Basic chess strategy

benefits of chess for students and chess basics for beginners and chess for kids online game and how to play chess easy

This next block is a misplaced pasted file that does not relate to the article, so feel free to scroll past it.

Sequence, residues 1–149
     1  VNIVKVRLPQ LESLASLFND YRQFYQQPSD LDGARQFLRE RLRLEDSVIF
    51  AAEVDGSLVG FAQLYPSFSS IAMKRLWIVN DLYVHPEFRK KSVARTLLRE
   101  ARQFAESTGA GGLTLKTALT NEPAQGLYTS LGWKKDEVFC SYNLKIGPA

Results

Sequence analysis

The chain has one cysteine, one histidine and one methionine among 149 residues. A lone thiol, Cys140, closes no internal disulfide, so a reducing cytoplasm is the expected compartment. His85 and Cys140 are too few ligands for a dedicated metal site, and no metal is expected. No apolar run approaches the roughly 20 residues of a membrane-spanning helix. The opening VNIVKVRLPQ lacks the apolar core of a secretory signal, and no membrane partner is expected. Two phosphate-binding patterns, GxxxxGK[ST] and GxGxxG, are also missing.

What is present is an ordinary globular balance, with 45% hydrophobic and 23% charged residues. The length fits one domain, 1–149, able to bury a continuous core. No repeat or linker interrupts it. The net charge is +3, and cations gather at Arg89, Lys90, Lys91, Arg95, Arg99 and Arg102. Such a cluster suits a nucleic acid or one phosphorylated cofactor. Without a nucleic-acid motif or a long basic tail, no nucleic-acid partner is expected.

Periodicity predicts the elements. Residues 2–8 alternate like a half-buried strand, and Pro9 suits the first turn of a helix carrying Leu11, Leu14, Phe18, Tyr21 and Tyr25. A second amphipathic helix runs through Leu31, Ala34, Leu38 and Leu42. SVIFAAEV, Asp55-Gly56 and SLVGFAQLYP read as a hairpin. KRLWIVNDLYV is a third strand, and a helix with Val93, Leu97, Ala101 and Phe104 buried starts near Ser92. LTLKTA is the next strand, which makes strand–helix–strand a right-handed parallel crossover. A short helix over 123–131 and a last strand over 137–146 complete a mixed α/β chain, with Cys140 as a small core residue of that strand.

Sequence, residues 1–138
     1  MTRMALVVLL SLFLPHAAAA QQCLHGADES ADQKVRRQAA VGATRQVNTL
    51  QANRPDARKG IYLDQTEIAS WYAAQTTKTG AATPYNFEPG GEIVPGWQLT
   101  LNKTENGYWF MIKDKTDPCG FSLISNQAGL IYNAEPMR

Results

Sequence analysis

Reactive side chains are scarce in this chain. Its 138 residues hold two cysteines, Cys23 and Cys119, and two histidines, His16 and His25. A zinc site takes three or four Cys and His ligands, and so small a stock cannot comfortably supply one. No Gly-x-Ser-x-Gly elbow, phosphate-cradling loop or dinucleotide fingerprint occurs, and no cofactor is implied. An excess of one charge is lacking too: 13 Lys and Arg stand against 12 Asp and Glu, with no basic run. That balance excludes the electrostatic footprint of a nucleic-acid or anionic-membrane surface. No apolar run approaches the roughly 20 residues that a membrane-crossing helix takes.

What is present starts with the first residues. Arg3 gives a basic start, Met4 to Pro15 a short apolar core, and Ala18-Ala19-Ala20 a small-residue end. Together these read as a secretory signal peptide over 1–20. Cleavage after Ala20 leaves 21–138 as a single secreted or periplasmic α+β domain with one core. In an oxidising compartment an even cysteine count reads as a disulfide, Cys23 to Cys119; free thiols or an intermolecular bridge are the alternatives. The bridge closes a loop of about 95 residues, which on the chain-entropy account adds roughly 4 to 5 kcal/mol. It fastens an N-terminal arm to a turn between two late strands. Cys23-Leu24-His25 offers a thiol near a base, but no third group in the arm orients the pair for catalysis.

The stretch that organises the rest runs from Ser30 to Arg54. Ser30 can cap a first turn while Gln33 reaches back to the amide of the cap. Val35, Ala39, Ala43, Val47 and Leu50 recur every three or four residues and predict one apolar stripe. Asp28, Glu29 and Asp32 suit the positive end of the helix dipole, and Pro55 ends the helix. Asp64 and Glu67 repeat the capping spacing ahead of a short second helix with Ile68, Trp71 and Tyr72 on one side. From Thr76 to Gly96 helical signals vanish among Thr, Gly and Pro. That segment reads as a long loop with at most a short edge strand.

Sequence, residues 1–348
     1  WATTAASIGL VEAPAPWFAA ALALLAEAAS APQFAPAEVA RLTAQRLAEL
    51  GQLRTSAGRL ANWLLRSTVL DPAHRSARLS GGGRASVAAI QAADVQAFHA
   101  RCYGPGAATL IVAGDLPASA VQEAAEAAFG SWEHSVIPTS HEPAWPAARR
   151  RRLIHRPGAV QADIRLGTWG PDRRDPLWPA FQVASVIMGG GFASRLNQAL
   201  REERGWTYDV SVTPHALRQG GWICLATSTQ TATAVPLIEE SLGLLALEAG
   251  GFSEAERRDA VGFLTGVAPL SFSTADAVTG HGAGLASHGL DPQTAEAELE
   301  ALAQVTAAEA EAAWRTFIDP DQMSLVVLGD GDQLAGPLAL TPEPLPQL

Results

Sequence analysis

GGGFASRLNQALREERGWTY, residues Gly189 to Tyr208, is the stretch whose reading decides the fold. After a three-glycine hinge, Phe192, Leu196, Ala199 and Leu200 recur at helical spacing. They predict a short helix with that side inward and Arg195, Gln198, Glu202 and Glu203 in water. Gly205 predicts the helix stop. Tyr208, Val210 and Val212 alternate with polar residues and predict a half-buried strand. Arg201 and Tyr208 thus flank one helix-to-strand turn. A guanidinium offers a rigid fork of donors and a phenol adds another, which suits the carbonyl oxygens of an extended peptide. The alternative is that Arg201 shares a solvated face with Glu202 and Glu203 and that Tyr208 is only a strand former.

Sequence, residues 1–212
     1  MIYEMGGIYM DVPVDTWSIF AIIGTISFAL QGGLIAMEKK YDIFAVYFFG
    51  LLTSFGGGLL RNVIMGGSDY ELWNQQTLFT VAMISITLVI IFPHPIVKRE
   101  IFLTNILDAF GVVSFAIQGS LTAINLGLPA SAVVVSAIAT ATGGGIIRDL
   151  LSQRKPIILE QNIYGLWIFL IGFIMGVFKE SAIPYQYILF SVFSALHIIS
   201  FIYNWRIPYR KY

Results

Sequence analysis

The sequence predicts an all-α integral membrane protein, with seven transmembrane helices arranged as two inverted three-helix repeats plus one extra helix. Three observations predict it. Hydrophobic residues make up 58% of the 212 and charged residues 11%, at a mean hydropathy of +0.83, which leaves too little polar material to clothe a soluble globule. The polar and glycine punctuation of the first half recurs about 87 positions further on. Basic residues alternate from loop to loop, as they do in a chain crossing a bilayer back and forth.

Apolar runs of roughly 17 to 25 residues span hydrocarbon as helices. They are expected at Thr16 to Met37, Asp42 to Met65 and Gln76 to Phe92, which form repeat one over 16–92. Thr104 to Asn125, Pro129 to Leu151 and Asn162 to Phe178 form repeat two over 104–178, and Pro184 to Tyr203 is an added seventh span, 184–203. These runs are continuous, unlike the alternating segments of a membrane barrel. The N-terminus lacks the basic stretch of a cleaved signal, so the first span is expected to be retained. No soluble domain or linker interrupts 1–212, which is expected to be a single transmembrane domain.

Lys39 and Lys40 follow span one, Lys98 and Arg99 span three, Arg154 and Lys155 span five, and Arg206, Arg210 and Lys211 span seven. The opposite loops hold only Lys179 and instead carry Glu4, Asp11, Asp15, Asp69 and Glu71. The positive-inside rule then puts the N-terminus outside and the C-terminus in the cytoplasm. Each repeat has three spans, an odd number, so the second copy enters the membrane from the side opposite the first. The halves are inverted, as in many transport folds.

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Teaching Chess the Easy and Fun Way with Mini-Games Teach Clear Thinking Promote Math Skills Enhance Memory & Reasoning Supporting the Common Core State Math Standards Kathy Price Andre E. Zupans Teaching Chess the Easy and Fun Way with Mini-Games Copyright © 2011 Innovative Educators, LLC All rights reserved. Unless noted on the page footer, no part of this book may be reproduced or transmitted in any form by any means, electronic, mechanical, photocopying, recording or otherwise, without the prior written permission of the publisher, except for the reproducible student pages. The pdf version may be printed once for single classroom use. Thank you for observing this copyright. Authors: Kathy Price, M.A., Andre Zupans Innovative Educators, LLC 41 Rd 5290 Farmington, NM 87401 email: admininnovativeducators.com ISBN-10 0983734917 ISBN-13 9780983734918 Printed in the United States of America 1 About the Authors Kathy Price has over 30 years experience as a gifted program and special education teacher and math/science curriculum specialist. She developed this system of teaching chess to entire classrooms st th by trial and error with students in 1 through 6 grade classrooms. When one adult is facing 24 eager second graders with a variety of skills and interests, it became necessary to have an effective format that allows effective teaching and learning within constrained time limits to take place. Teaching chess with Mini-Games is the system that resulted. Mrs. Price ranks her chess playing skills one notch above her students (most of the time) giving credence to the fact that you don’t need to be an accomplished player to be a great chess teacher to young children. Andre Zupans is a writer, publisher, paralegal, professional trader/investor, educator and chess player. As an educator, Andre has found that chess enhances all intellectual activities. He is a highly rated chess player and has even defeated players at the Masters level. Andre discovered that un-packing the game of chess in small Mini-Games was an effective way to teach chess. This educational guide has been designed on this principle. Happy playing for all 2 Table of Contents Introduction......................................................................................4 Basic Chess Information................................................................5 Rules to Remember.........................................................................10 How to Win........................................................................................11 Class/Club Management.................................................................14 Mini Game Lesson Plans 1-14.........................................................16 Intermediate Chess Information................................................33 Strategic Tips…………………………………………………………………….………..35 Mini Power Games 1-3.....................................................................36 Powerful Pins…………………………………………………………………………..…….46 Three Piece Problems………………………………………………………………….48 Assessment Puzzles........................................................................50 Resources..........................................................................................53 Did You Know? Game Variations Curriculum Connections & Activity Sheets Sample Letter to Parents Correlations to the Common Core State Math Standards Increase Your Knowledge Glossary..............................................................................................73 Reproducible Student Pages.........................................................75 3 Introduction The value of teaching chess to elementary age children is well researched. Occasionally we see schools that offer optional chess clubs or after school programs but rarely we see it instituted in a whole classroom. Why? It is because most teachers do not know how to play or more importantly don’t have an effective system to teach chess to 24 or more active elementary students at once. This book is for that teacher You do not need to know how to play, you will learn along with your students while at the same time providing an effective multidisciplinary lesson that tie into your educational standards and objectives. The methods and lessons describe in this book deviate from other prescribed chess teaching methods for one major reason. They can be taught by a non-player, and they work Liberties are taken that may make chess “purists” cringe. When working with a class of students you must realize virtually none of them will pursue a career in chess, therefore what is of most importance is that by teaching them a recreational game they can play for life you are instilling other skills that will positively influence their other educational endeavors. Chess provides students an approach to learn and use reasoning skills. These skills then carry over to other educational and life endeavors. The mini-games and activities in this book are designed to correlate with many of the Common Core State Standards for Mathematics, thus making wise choices with precious classroom time. The National Scholastic Chess Foundation states that Chess education is extremely effective with children because: • Chess involves all levels of critical thinking (knowledge, comprehension, analysis, evaluation) • Chess requires forethought and cultivates visualization skills • Chess improves problem solving skills • Chess encourages children to overcome the fear of risk-taking • Chess teaches concentration and self-discipline • Chess enables children to assume responsibility for their decisions • Chess rewards determination and perseverance • Chess raises self-esteem and promotes good sportsmanship • Chess encourages socialization skills that extend across cultures and generations • Chess is fun 4 Basic Chess Information The game of chess is over 1300 years old and is one of oldest and the most popular games in the world. Chess is a two-player strategy game between two armies with 16 pieces for each player. The objective of the game is to place the opponent's King into checkmate, which means the King is trapped. Chess is easy to learn, but can take a lifetime to master. The Pieces and their Basic Moves In most chess books and on computers you will see the pieces represented by icons. However, it is easier when drawing on a classroom chalk or white boards to use letters when discussing pieces. Therefore all the diagrams we use in the mini-game method use those letters. The game of chess is played on a board of 64 squares, each square has a designated name or coordinate. The horizontal squares, or ranks are numbered 1 to 8. The vertical squares, or files, are lettered from A to H. For example, h1 is the right hand corner square marked with an “X”. 8 7 6 5 4 3 2 1 X a b c d e f g h 5 King (K - black, k - white) The king is the most important piece in the game of chess. This is because the objective of the game is to capture your opponent's king. The king has the ability to move one space in any direction. However, the king can not put himself in danger, which means two kings can never be side by side. If the King can be captured he is said to be “in check”. If he can not move to a square where he is not threatened, and if the checking piece can not be captured or blocked, the King is checkmated and the game is over. His value is “priceless” Queen (Q – black, q – white) The queen may not be the most important piece on the board, but she is the most powerful piece. The queen can move any number of spaces in any direction. For our mini-games her value is .90. 6 Rook (R-black, r – white) The rook has the ability to move horizontally or vertically any number of squares in any direction. Some people call this piece the "castle". The rook, also a powerful piece, is worth .50. Knight (Kn – black, kn – white) The Knight is a minor, yet vital, piece in the game of chess. The knight, unlike any other piece on the chessboard, can 'jump over' pieces. The knight moves in an 'L' shape moving either two spaces horizontally and one space vertically, or two spaces vertically and one space horizontally. We teach the students “1, 2, over”. The Knight has a value of .30 7 Bishop (B – black, b – white) The Bishop is the second minor, yet vital, piece in the game of chess. The Bishop can move diagonally any number of squares in any direction. The Bishop also has a value of .30. Pawn (P – black, p – white) The pawn can be the difference between winning and losing a game of chess. Pawns can only move forward one space however; from its starting position a pawn can advance two spaces. Pawns don't capture pieces by advancing straight into them horizontally or vertically; instead they capture pieces by advancing diagonally into the piece. The Pawn's special ability is that it can be exchanged for a queen, rook, knight, or bishop when it reaches the last square on the other side of the board. But remember, they can never move backwards The Pawn is worth .10. 8 Position of all the pieces on the board at the beginning of a “Full” game. R Kn B Q K B Kn R P P P P P P P P p p p p p p p p r kn b q k b kn r 9 Rules to Remember The white Queen goes on a light square (sometimes red), the Black Queen on a dark square ("Queen on her own color"). The square in the lower right hand corner is a red one, i.e. "red on right" or the white one: “light on right”. The opposing Kings and Queens go directly opposite of each other. White moves first, and then each player takes a turn moving. If you take your hand off a piece your move is over, UNLESS you made an illegal move. During each player’s turn, only one piece may be moved. The Knight is the only piece that can jump over other pieces. All other pieces can only move along unblocked lines. You may not move a piece to a square already occupied by one of your own pieces, but you can capture an enemy piece that stands on a square where one of your pieces can move. Simply remove the enemy piece from the board and put your own piece in its place. You may not detract or annoy your opponent in any manner whatsoever. Many beginning games end in a draw or stalemate. This happens when a King is forced to move and cannot do so without putting himself in check. See other examples below. 10 How to Win When the King is attacked the player should say, “Check”. There are then three things that could happen: 1. The King moves to safety. 2. Another piece moves in to block and protect the King. 3. Another piece captures the piece that was attacking the King. If none of these can happen the King is trapped, which is called “Checkmate”, and the game is over The King is the ONLY piece that can never be taken off the chess board during a game. Necessary Conditions for a Checkmate: • Is the King in check? o Answer must be Yes. • Wherever the King moves, is it check? o Answer must be Yes. • Can any other chess piece block the check? o Answer must be No. • Can the King capture the checking piece? o Answer must be No. Necessary Conditions for a Stalemate: • Is the King in check? o Answer must be No. • Can the King move to a square that it’s Not in Check? o Answer must be No. • Does the King’s army have another chess piece it can move? o Answer must be No. • Does it have to be the King’s side move? o Answer must be Yes. 11 What is a draw? Unlike a stalemate, a draw or tie can occur when neither side has sufficient chess material to checkmate. The players can also agree upon a draw. Also, a repetition of moves can end in a draw. In classrooms an easy to remember rule is "Ten to Tie", thus allowing players to agree to count 10 moves before declaring a stalemate. Minimum Chess Pieces to Checkmate King and Queen King and Rook King and two Bishops King, Knight and Bishop King and Pawn (if promoted to Queen or Rook) Stalemates or Draws are both ties. In tournament play, a win is one point, a draw is point and a loss is no point. Stalemates are very rare in high level play, but are frequent occurrences in beginning play. If you are not quite ready for this stage then you can also add up the value of the piece captured and the army with the most value left is said to have the advantage Capturing Each chess piece has a specific movement. When a piece moves into the movement path of an enemy piece it can be captured and removed from the chess board. However, the Knight captures only on its destination square. Protection When a chess piece is captured, other chess pieces may be able to capture it back. This is called protection. In this first example the White Queen captures the Black Rook. The Black King protects the Black Rook. This means the King can capture the Queen. 12 8 7 The White Queen captures the Black 6 K Rook. The Black King protects the Black 5 R q k Rook. This means the Black King can capture 4 the White Queen. 3 2 1 a b c d e f g h An important concept in Protection is that a King cannot capture another chess piece if it’s protected. The two examples exemplify this point. K Q k k q K The White King CAN capture the Black The Black King CANNOT capture the Queen White Queen This is an example of CHECKMATE. 13 Classroom/Club Management One reason many teachers give for not incorporating more hands-on activities in their classroom deals with management issues. Don't even think about trying to store many chess games in individual boxes. Storage and space is always an issue for most classrooms/clubs. You don't need to invest in high dollar materials. The most effective way to store large amounts of chess kits is to put each game set of pieces in a re-closeable sandwich size plastic bag and stack all the board together in a cardboard box the size for reams of copying paper. The bags can also fit in along with printed materials making storage easy. Keep a butter tub to put the missing pieces that are found and when time to play empty into the inverted top of the storage box for easy picking. During mini-games have students return the pieces they are not using back into the plastic bag. If you are working with large groups or several classes, rectangular cafeteria tables are usually good playing areas. Having some helpers put out the boards and bags of pieces allows players to quickly find a seat. Designate others as "Brave Knights" to help gather boards and bags when finished. Using an interactive white board or a document camera to project a large chessboard can help students follow instructions. The Resources section has such a board. Start some routines, rituals, and repetitions during your chess time. These anchor students' learning and are often an emotional hook or reinforcement of a positive classroom or club culture. For example: End a session by gathering students in a circle, quickly review what happened during the lesson, have them place their hands over their 14 head like the cross on the King's crown, count down from ten and slowly lower their bodies and on zero "blast off" by jumping in the air chanting "Chess is the Best" Playing music during transition times is a good strategy. Both calming songs and upbeat music can refocus attention. Appropriate songs that have "chess themes" can be downloaded from iTunes including those from the soundtrack of "Searching for Bobby Fischer". Using effective questioning techniques with students can make the difference in student learning. The questions need to be asked with genuine curiosity and the discussions these questions raise need to be held in an emotionally safe environment. The goal here is to notice and recognize. Model and encourage students to ask one another clarifying questions and avoid judgments and comparisons. Core Questions: " When you first heard the instructions for this activity what did you think? (i.e., “I don’t know how to do that.”, “That sounds fun”, “What did she/he say?”, “I have never done that before”, etc.) " How did you feel? (i.e., “confused”, “curious”, “scared”, “eager”, “happy”, and “mad”, etc.). " What did you do? (“Started doing what I was told to do.”, “looked at the teacher”, “watched and did what my friends were doing”, “sat still”, “waited”, etc.) " What part of the activity surprised you? Confused you? Made you curious? etc 15 Mini-Game Lesson Plans The order of these mini-game lessons can be modified depending upon students age and prior chess knowledge. To differentiate in a large group, more advance students can do more than one mini-game while others can spend more time mastering a single game. When introducing these games to a class where a few students already know the game, explain to them that these games are intriguing warm ups for a full game and you want them to try them along with the rest of the class and then they are free to move into a full game. Analogies to football, soccer, or other sport warms-ups are applicable. Think about using How Many Squares Do You See located in the Resources as part of a math lesson before starting to play games. A good rule of thumb for all lessons is to follow this model: Engage students with anticipation of the upcoming game and materials. Explore - Have students actively move their bodies and pieces as they learn how pieces move Explain - Use models and visuals to support directions Elaborate - Allow students opportunities to adjust games Evaluate student learning through observations and journaling. Tip – Try to keep your talking to less than 5 minutes at a time. All students need to move pieces and practice with their bodies as much as possible. Tip – Each child needs a chess journal to keep notes and drawings (see graphic organizers). Reflecting on the day's game is a great way to tie in writing skills. Tip – On each lesson spend one day teaching the lesson and then have another time when students practice the mini-game(s) before moving on. Tip – Use large tile floor squares to have children practice moving their bodies like the piece moves. You can also use rubber cones and have them move them on the floor or even outside on a blacktop with a chalk drawn chessboard. 16 Frontloading -Introduction to Chess Engage: Begin by having boards and pieces out for students to explore. As a class or in groups brainstorm and record what prior knowledge they have with chess. Some students may want to compare it to checkers, listing similarities and differences. Explore: Let students look closely at the pieces. Some may have seen different versions of chess online or at home. This is a great time to build vocabulary and gather students' prior knowledge Explain: Discuss that chess is one of the oldest strategy games in the world and played everywhere. Use the "Did you now" pieces of information in the resources section and challenge your motivated learners to find out more about the game. Focus on key vocabulary and have students write questions where the word is the answer. . For example you write check and a child might say “What do you say when you attack the King?” Depending on the age ad level of your players decide with which Mini-Game you want to begin. This will start a rewarding journey, which at the end will establish a classroom of chess players. Remember every great player was once a beginner 17 Lesson 1 - Pawn Parade Vocabulary – strategy, opponent, illegal, move, check, checkmate, capture, array Intention - Introduce students to the concept of "mini-games" to gain proficiency in using pawns. Warm up – Write one of the vocabulary words on the board and have the students create a question where the word you wrote is the answer. Set up: Inform students the purpose of this P P P P P P P P game is to move their pawn to the other side of the board. The player who gets the most pawns over “wins”. If you are doing this lesson around Christmas you can also call it an “Elf Parade” Be creative Be sure to have students change colors each time they p p p p p p p p play. The pawns move only one space forward, except to capture when they can move one space diagonally forward. Two pawns that meet "head on" are stuck and cannot move. Have students practice these moves with their bodies. It's especially easy if the flooring is tile The second exception is their first move, when they can move two spaces forward. Wrap up: Hae students talk to one another about what they will tell their family about chess when they go home. 18 Lesson 2 - Bishop's Beware Intention: This game helps beginner player’s become more aware of having a bishop on opposing colors. Set up: Introduce the movements of the bishop B B (any number of moves diagonally) and point out they have one on each color. P P P P P P P P Play Wrap up –Orally summarize what has taken place. Have students write one or two summarizing sentences in their journal. p p p p p p p p b b Lesson Notes 19